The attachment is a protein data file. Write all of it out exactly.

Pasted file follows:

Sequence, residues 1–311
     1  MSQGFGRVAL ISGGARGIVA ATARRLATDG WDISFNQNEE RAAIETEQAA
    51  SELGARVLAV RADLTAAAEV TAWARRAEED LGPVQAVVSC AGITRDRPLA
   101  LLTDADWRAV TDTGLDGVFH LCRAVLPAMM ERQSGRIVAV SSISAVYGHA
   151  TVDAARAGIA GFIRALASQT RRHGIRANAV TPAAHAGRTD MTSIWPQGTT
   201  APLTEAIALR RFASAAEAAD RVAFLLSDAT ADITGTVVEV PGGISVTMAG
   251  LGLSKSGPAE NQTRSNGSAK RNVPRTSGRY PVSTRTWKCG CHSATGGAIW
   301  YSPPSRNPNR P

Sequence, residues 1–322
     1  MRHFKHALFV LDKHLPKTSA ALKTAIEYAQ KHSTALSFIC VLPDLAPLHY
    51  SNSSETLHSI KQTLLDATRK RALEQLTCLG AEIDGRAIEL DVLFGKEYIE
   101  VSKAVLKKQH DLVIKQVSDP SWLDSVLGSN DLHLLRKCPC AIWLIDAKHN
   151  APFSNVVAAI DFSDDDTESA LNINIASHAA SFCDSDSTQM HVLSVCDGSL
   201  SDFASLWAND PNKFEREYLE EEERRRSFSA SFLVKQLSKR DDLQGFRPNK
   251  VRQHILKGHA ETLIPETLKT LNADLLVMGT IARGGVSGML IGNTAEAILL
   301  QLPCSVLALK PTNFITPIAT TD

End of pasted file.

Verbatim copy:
Sequence, residues 1–311
     1  MSQGFGRVAL ISGGARGIVA ATARRLATDG WDISFNQNEE RAAIETEQAA
    51  SELGARVLAV RADLTAAAEV TAWARRAEED LGPVQAVVSC AGITRDRPLA
   101  LLTDADWRAV TDTGLDGVFH LCRAVLPAMM ERQSGRIVAV SSISAVYGHA
   151  TVDAARAGIA GFIRALASQT RRHGIRANAV TPAAHAGRTD MTSIWPQGTT
   201  APLTEAIALR RFASAAEAAD RVAFLLSDAT ADITGTVVEV PGGISVTMAG
   251  LGLSKSGPAE NQTRSNGSAK RNVPRTSGRY PVSTRTWKCG CHSATGGAIW
   301  YSPPSRNPNR P

Sequence, residues 1–322
     1  MRHFKHALFV LDKHLPKTSA ALKTAIEYAQ KHSTALSFIC VLPDLAPLHY
    51  SNSSETLHSI KQTLLDATRK RALEQLTCLG AEIDGRAIEL DVLFGKEYIE
   101  VSKAVLKKQH DLVIKQVSDP SWLDSVLGSN DLHLLRKCPC AIWLIDAKHN
   151  APFSNVVAAI DFSDDDTESA LNINIASHAA SFCDSDSTQM HVLSVCDGSL
   201  SDFASLWAND PNKFEREYLE EEERRRSFSA SFLVKQLSKR DDLQGFRPNK
   251  VRQHILKGHA ETLIPETLKT LNADLLVMGT IARGGVSGML IGNTAEAILL
   301  QLPCSVLALK PTNFITPIAT TD